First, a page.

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Fitted values lm(medv ~ .) In order to bypass the non-linearity, we are going to consider the non-linear transformations given in Harrison and Rubinfeld (1978) for both the response and the predictors: > modTransf <- lm(I(log(medv * 1000)) ~ I(rm^2) + age + log(dis) + + log(rad) + tax + ptratio + I(black / 1000) + + I(log(lstat / 100)) + crim + zn + indus + chas + + I((10*nox)^2), data = Boston) > summary(modTransf) Call: lm(formula = I(log(medv * 1000)) ~ I(rm^2) + age + log(dis) + log(rad) + tax + ptratio + I(black/1000) + I(log(lstat/100)) + crim + zn + indus + chas + I((10 * nox)^2), data = Boston) Residuals: Min 1Q Median -0.71176 -0.09169 -0.00566 Coefficients: (Intercept) I(rm^2) age log(dis) log(rad) tax ptratio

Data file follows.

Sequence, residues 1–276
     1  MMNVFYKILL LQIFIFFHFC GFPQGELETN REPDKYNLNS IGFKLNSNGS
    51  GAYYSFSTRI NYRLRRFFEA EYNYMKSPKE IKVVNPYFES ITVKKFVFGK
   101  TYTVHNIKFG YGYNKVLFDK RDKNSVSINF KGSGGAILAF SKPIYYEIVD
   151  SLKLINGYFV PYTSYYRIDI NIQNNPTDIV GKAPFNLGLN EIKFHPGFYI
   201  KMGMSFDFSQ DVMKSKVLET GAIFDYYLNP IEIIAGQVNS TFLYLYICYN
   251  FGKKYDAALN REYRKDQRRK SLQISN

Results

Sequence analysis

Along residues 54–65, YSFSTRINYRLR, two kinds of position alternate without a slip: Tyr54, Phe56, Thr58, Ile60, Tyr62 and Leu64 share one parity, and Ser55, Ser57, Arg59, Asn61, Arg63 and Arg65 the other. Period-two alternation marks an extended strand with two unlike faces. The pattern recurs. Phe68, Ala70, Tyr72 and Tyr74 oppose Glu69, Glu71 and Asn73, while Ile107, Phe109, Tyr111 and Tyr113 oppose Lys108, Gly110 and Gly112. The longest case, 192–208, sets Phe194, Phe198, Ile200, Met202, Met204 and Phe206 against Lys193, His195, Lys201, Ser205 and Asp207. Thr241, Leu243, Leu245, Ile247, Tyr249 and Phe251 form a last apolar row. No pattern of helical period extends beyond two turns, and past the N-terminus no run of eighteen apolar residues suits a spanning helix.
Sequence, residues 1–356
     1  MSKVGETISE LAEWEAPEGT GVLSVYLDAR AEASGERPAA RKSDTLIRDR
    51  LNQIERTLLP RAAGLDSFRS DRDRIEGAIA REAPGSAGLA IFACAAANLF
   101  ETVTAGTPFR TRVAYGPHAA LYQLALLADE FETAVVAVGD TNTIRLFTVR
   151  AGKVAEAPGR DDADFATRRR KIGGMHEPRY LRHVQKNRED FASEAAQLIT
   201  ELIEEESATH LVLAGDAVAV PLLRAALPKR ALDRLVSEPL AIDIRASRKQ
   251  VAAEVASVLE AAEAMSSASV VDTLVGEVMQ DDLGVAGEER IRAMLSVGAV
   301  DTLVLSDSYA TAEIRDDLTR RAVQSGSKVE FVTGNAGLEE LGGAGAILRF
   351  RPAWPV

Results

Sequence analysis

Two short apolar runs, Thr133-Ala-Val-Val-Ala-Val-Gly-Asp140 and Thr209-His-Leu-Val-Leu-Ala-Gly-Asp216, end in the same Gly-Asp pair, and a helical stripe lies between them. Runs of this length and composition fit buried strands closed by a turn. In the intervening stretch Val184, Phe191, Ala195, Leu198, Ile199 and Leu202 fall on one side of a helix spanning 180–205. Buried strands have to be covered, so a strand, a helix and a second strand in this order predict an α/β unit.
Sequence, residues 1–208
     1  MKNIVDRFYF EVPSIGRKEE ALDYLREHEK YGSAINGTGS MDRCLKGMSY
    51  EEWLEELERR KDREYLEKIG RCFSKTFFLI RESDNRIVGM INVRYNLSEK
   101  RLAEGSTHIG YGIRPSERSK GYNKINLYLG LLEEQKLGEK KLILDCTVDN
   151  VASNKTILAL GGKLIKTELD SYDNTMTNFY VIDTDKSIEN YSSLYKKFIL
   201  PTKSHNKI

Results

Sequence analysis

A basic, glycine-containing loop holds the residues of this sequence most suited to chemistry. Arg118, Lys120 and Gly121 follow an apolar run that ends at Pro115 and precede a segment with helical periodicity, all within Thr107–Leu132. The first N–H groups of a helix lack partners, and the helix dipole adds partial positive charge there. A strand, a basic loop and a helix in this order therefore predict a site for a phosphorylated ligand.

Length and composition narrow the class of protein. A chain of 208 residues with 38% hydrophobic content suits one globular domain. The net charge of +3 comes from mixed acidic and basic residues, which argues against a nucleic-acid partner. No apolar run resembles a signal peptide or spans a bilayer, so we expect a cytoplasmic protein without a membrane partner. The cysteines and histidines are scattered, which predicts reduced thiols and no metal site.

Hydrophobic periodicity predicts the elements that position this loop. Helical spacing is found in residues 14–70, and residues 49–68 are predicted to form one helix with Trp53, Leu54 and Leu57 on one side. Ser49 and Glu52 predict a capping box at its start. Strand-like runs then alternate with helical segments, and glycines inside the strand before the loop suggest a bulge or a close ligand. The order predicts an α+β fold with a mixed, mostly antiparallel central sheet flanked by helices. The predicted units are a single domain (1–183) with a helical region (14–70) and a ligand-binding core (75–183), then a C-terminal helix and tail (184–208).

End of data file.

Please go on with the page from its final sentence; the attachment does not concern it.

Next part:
3Q 0.09895

Max 0.79780

Estimate Std. Error t value Pr(>|t|) 9.756e+00 1.496e-01 65.221 < 2e-16 *** 6.328e-03 1.312e-03 4.823 1.89e-06 *** 9.074e-05 5.263e-04 0.172 0.863179 -1.913e-01 3.339e-02 -5.727 1.78e-08 *** 9.571e-02 1.913e-02 5.002 7.91e-07 *** -4.203e-04 1.227e-04 -3.426 0.000664 *** -3.112e-02 5.013e-03 -6.208 1.14e-09 ***

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I(black/1000) I(log(lstat/100)) crim zn indus chas I((10 * nox)^2) --Signif. codes: 0

3.637e-01 -3.712e-01 -1.186e-02 8.016e-05 2.395e-04 9.140e-02 -6.380e-03

1.031e-01 3.527 0.000460 *** 2.501e-02 -14.841 < 2e-16 *** 1.245e-03 -9.532 < 2e-16 *** 5.056e-04 0.159 0.874105 2.364e-03 0.101 0.919318 3.320e-02 2.753 0.006129 ** 1.131e-03 -5.639 2.88e-08 ***

'***' 0.001 '**' 0.01 '*' 0.05 '.' 0.1 ' ' 1

Residual standard error: 0.1825 on 492 degrees of freedom Multiple R-squared: 0.8059, Adjusted R-squared: 0.8008 F-statistic: 157.1 on 13 and 492 DF, p-value: < 2.2e-16 The adjusted R-squared is now higher and, what is more important, the non-linearity now is more subtle (it is still not linear but closer than before): > plot(modTransf, 1)